Waste: Out of sight, out of mind

Unfortunately, waste is a big part of our everyday lives. So omnipresent that we often don’t notice it anymore. And let’s be honest, do we really care that much about it? Or does “out of sight, out of mind” describes our situation best? It’s not a secret that all the waste does not just dissolve when picked up by the nice men from the waste collection. There are toxic landfills, or some waste might be shipped far away to Africa and Asia, where people poison themselves just to get some of the valuable substances in it. We also know that a considerable amount of waste ends up in the oceans and landfills or indirectly on our plates. Nevertheless, we hardly waste a thought about those issues while (over)shopping, tearing packaging or throwing something in the bin.

Zero waste is not a new concept. Paul Parmer already used this concept in the 1970s for his effort to reduce chemical waste in the laboratory. And even though the context differed from today, zero waste was “successfully” lived by the people during the great depression.

Zero waste is a possibility to directly reduce our ecological footprint in the everyday life with immediate benefits for ourselves. Zero waste does not just mean avoiding waste but breaking free from consumerism. Basically, the movement wants you to rethink the throw-away mentality with its disposable packaging and let your goods enter the circular economy through reusing our valuable resources. Especially, plastic waste should be avoided, as it takes centuries to decompose and thus pollute the environment the most. In the end zero waste is the goal and it might be difficult to achieve depending on the exact definition of it. Zero shouldn’t sound scary to you. It should be a challenge for a better future and allow you to make better choices.

Our classmate Khushal Piracha at Antwerp Management School made sustainable living a top priority in his life. We have interviewed him to show that it only takes the right mindset and persistence to start making a difference.


AMS: How and when did you first hear about zero waste?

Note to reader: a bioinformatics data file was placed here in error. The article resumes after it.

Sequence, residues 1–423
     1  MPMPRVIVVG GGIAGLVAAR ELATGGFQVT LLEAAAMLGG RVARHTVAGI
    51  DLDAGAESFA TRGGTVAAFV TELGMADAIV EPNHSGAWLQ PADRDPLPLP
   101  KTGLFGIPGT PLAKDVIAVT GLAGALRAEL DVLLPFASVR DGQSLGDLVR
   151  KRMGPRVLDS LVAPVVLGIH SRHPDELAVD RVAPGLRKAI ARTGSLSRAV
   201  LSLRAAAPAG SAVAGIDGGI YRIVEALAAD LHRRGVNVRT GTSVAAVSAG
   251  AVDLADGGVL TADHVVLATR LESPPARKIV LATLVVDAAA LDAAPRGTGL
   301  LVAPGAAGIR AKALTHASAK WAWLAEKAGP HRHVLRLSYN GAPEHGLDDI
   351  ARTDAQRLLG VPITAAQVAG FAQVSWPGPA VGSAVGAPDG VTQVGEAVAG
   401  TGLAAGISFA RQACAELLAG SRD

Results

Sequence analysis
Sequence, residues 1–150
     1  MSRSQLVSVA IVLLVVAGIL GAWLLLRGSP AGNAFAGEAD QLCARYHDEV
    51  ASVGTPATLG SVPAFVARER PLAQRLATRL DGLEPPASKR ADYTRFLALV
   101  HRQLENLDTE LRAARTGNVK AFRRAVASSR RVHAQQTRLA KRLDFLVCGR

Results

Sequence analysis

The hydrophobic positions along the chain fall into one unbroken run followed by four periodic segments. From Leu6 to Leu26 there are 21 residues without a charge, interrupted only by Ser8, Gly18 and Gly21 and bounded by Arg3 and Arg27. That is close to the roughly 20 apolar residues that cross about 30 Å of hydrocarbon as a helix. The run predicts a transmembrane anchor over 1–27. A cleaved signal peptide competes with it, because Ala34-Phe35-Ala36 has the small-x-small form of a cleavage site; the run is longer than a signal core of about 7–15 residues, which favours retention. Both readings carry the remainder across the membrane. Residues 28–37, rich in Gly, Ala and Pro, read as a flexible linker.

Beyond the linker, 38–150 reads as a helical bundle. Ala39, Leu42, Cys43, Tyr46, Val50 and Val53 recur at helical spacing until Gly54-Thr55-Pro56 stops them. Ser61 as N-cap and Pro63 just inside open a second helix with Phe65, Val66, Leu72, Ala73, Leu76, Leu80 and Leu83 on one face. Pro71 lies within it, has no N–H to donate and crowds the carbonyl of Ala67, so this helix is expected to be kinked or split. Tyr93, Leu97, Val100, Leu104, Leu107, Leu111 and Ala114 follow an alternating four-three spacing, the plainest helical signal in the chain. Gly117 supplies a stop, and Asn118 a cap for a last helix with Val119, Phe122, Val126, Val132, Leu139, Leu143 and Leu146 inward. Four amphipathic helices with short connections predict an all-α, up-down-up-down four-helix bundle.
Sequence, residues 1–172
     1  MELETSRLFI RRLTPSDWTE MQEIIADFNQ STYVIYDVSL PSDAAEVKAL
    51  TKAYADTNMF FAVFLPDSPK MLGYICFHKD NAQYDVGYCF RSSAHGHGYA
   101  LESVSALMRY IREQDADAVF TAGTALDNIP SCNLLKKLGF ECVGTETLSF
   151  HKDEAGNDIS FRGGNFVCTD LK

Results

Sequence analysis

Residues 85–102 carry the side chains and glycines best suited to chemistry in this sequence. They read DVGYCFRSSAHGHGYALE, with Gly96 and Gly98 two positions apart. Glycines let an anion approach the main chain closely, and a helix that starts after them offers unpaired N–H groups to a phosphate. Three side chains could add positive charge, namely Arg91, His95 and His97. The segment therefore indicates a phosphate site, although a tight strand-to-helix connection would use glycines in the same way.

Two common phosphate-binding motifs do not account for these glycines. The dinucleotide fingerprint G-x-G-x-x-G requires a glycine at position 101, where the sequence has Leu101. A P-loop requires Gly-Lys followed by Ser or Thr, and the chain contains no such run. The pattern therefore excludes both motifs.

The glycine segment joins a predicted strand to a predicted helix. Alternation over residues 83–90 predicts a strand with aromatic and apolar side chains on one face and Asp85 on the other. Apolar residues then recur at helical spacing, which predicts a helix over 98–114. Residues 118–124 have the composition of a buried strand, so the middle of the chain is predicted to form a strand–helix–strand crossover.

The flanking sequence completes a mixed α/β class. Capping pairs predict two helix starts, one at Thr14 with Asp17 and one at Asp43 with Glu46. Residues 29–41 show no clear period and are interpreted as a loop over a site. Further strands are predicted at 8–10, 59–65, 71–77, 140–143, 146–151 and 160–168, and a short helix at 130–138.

Khushal: I was already working on reducing plastic and food waste when I stumbled on a video on Facebook by Goodful (a page promoting healthy eating habits through recipes and tutorial videos on things like starting your own garden). It was a video about an employee trying to go zero waste for a month. It was so successful that she was able to only make a jar of total waste in a full month. It was mostly compromised of tags from clothes she bought or the small stickers on fruit at the supermarket.

AMS: Why and when did you decide to ‘start’ it for yourself?

Khushal: The changing climate is an issue that affects all of us and it is with a 100% certainty that it is being caused by us.

Although I haven’t begun my zero waste initiative yet, I’m taking baby steps like going a week without buying any plastic and shopping at the waste free store in Antwerp.

Any small part really matters so even if you only focus on yourself it will make a huge difference.

AMS: What did you reach so far and what are your future targets?

Khushal: So far I’ve learned how to make my own compost although that has been complicated in Antwerp while living in a student house. It’s something I intend to do for when I have a small garden.

Another target I have is to potentially start my own environmental initiative in my home city of Karachi, Pakistan. Karachi is at crossroads with their trash problem. Considering a city with almost 18 million inhabitants, I think an environmental initiative there would really benefit the city.

My final target is to be totally waste free by the end of 2020.

AMS: Do you try to convince people around you to follow your lead and if so how and does it work?

Khushal: There’s two ways: I either talk about my experiences or I try to shock people into realizing the impact of their actions.

Something as small as the lotus biscuits we have at AMS (Antwerp Management School). They’re delicious, but they’re also covered in non-recyclable plastic (or stray plastic). Even if anyone throws this plastic in recycling, it would be filtered out and actually end up in landfill. I refuse to eat them but I make people aware that they are creating waste by eating the biscuits. It may not always work but at least it makes people think.

AMS: One recommendation for our readers?


  • A recommendation would first be to research on what’s recyclable and what’s not. It’s very easy to be “green washed” at the supermarket. Always read on company initiatives and try to support companies who invest in green projects.
  • Support local companies and smaller businesses as they’re usually part of the local recycling network.
  • Try to reuse before you recycle things. Things like glass bottles, glass jars, boxes, and even plastic bags. Use them as much as possible before you throw them into recycling.

Thank you Khushal for your time and interesting view on zero waste.

By Anabel Herzsprung and Antonia Brinker (antwerpmeetssustainability@zoho.com) 


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